Ya’alon faults Obama for going easy on Abbas, warns of Iran’s hegemony
WASHINGTON — Defense Minister Moshe Ya’alon said Monday that the Iranian nuclear deal has created the conditions for Iran to attain greater hegemony in the region and that President Barack Obama mishandled attempts to resolve the Israeli-Palestinian conflict.
While maintaining gratitude to Obama for his support of Israel’s security, he faulted the president for not holding PA President Mahmoud Abbas accountable for his role in the breakdown of peace efforts, and also said the president bought into the incorrect notion of the Israeli-Palestinian conflict being the core of Middle East problems.
Ya’alon also bewailed the recent lifting of crippling oil and financial sanctions on Iran, which released more than $100 billion in frozen assets. The defense minister conveyed that while the deal has caused the Iranian regime to give up its “timetable” for acquiring military nuclear power, it has not given up its aspirations to eventually do so.
The more immediate concern for the next 10-15 years, Ya’alon insisted, was that the Iranians have created a “radical axis” throughout the Middle East that they are exploiting to gain greater dominance in the region.
“The regime in Tehran has become a central party in order to solve the problems of the Middle East,” he said.
Speaking before an audience at the Woodrow Wilson International Center for Scholars, Ya’alon discussed his concerns regarding the Iranian regime’s regional activities and how that is informing the negotiations currently underway between US and Israeli officials to hammer out a memorandum of understanding that would increase US military aid to Israel for the next 10 years.
Ya’alon met with US Defense Secretary Ashton Carter and other senior officials on Monday afternoon regarding the defense aid package. While Ya’alon would not comment on the state of the talks — which have been rumored to be at an impasse — he said he hoped “negotiations will be concluded very soon.”
Referring to Iran test-firing ballistic missiles last week that carried a Hebrew message saying “Israel must be wiped out,” Ya’alon said that the Israeli leadership believes Iran is now “more confident, more free to act in the region today with more money as a result of the sanctions relief, violating many UN resolutions, international resolutions regarding the proliferation of arms and terror.”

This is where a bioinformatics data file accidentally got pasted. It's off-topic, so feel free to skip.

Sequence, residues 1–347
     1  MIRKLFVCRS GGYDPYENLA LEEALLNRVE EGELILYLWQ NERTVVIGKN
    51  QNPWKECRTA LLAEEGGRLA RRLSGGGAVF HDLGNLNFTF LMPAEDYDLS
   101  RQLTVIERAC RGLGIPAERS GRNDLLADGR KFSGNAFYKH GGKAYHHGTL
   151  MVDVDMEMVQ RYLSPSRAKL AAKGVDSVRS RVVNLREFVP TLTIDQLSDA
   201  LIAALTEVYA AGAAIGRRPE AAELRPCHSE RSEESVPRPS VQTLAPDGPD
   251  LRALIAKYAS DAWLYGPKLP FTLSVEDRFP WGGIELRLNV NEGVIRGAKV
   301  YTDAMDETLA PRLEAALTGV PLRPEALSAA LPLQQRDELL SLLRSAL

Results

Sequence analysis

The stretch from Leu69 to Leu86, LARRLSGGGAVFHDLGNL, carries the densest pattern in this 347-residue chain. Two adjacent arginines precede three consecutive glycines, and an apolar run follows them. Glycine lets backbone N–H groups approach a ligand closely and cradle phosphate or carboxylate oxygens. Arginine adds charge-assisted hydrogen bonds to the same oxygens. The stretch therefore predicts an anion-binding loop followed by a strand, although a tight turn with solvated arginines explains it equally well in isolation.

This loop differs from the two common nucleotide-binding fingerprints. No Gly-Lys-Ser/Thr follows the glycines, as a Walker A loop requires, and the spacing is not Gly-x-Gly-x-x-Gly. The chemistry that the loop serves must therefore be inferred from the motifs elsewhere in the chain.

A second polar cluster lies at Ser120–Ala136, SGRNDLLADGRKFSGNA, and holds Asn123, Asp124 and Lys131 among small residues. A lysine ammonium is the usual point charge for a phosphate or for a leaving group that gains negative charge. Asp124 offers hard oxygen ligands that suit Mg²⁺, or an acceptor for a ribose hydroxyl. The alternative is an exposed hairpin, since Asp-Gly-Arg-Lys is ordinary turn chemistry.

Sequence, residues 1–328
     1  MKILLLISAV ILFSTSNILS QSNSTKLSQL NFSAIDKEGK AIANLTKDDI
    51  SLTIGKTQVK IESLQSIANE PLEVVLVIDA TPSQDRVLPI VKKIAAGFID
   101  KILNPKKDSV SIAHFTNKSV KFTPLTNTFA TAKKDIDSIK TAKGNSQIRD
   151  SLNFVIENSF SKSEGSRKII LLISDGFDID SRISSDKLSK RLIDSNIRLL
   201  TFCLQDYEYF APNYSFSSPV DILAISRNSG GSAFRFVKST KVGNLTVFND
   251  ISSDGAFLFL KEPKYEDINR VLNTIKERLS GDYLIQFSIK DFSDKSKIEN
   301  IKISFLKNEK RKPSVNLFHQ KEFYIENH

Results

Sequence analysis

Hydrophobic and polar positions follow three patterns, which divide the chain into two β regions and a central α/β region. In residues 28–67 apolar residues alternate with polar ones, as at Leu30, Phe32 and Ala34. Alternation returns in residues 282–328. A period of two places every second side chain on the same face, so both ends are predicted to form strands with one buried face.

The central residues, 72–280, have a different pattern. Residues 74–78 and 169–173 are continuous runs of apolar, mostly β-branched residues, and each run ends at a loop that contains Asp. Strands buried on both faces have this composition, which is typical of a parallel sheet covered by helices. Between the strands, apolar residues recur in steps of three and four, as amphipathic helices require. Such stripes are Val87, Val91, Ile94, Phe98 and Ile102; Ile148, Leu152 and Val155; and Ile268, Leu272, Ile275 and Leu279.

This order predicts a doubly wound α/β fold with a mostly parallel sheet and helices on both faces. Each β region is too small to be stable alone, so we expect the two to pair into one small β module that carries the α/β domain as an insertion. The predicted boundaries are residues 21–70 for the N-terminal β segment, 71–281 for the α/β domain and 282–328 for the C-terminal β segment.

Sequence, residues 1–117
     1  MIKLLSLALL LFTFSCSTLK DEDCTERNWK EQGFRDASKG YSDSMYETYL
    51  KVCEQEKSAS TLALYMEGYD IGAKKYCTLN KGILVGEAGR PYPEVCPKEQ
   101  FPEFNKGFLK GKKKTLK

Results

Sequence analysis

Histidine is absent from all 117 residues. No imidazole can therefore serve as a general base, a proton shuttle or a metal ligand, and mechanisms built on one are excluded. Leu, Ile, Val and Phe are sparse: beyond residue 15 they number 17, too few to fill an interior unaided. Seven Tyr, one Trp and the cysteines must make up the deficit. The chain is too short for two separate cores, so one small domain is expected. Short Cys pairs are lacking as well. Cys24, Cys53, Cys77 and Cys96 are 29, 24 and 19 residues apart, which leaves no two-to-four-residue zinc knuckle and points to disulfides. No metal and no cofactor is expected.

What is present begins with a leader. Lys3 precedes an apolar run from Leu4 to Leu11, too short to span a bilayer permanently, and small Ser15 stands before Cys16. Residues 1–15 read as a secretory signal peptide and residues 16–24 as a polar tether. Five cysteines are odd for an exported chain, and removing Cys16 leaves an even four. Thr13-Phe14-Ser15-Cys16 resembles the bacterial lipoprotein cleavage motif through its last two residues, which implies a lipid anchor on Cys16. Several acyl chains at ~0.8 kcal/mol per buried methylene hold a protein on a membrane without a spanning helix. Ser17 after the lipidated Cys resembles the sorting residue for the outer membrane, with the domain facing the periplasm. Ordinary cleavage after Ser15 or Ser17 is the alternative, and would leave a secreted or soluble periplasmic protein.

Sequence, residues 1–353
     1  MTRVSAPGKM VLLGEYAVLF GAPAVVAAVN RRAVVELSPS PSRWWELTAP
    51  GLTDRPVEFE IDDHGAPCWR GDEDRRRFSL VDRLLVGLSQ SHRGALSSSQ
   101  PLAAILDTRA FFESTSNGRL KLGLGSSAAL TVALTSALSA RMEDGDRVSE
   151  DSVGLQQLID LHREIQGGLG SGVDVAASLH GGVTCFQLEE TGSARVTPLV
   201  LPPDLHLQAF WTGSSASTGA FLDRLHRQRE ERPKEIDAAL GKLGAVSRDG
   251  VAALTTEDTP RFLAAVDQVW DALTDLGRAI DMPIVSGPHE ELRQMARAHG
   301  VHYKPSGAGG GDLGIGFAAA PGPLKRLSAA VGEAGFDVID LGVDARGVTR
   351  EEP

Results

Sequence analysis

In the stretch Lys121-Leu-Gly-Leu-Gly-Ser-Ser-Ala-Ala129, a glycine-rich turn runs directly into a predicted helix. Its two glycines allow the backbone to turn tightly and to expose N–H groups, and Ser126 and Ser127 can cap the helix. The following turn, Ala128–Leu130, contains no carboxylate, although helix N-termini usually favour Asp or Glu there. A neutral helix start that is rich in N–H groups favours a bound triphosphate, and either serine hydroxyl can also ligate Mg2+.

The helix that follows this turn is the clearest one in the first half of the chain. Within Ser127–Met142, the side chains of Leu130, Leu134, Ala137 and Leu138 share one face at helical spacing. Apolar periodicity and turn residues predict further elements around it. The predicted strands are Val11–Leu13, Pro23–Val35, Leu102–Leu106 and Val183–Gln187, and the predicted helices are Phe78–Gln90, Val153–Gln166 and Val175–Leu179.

Last week’s episode also coincided with US Vice President Joe Biden’s visit to Israel.
Ya’alon told former Middle East peace negotiator Aaron David Miller, a vice president at the Wilson Center who moderated the forum, that he was apprehensive about President Obama allowing Iran to assert its influence over international attempts to ameliorate the Syrian crisis, as Israel borders Syria to its north along the Golan Heights. “To leave us with an Iranian-dominated Syria,” he said, “we can’t agree with it.”
Furthermore, Ya’alon highlighted differences between Washington and Jerusalem over how to make progress on Israel’s conflict with the Palestinians, saying that Obama did not apply sufficient pressure on Palestinian Authority President Mahmoud Abbas.
“When [Abbas] closed the door in front of both Secretary Kerry in February 2014 and President Obama in March 2014, he wasn’t blamed. Why? He’s too weak to be accountable,” he said, referring to the president offering Abbas the principles for a plan to resolve the conflict and achieve a two-state outcome. “The most important value that is missing in the Middle East is accountability. When [Abbas] closed the door in front of President Obama, he should have been blamed. He should be accountable.”
Ya’alon also said the Obama administration embraced the “linkage” argument that maintains the Israeli-Palestinian conflict is the main conflict in the Middle East that affects all others. “We still hear that the core of instability in the Middle East is the Israeli-Palestinian conflict and that without solving it you can’t stabilize the Middle East,” he said. “It was ridiculous in the past and it is ridiculous today. What is the linkage between the uprising in Tunisia and the Israeli-Palestinian conflict?”
In a recent interview with The Atlantic’s Jeffrey Goldberg, Obama addressed the linkage theory when asked about his 2009 Cairo reset speech, titled “A New Beginning,” in which he aimed to improve US relations with the Muslim World. “My argument was this: Let’s all stop pretending that the cause of the Middle East’s problems is Israel,” Obama told Goldberg.
The president’s comments dismayed critics, including MK Michael Oren, who was Israel’s ambassador to the US when the speech was given, and who recalled the president saying no such thing. Oren told the Algemeiner on Thursday that the speech Obama gave in Cairo “nowhere mentions that the Israeli-Palestinian issue is not the core of the Middle East’s other conflicts. It actually implied the opposite.”
Despite Ya’alon telling Monday’s crowd that Israel doesn’t “want to govern the Palestinians” and that it would be “happy for them to enjoy their own political independence,” he offered a grim assessment of the future of the peace process, telling Miller “it’s not going to be solved in my lifetime.”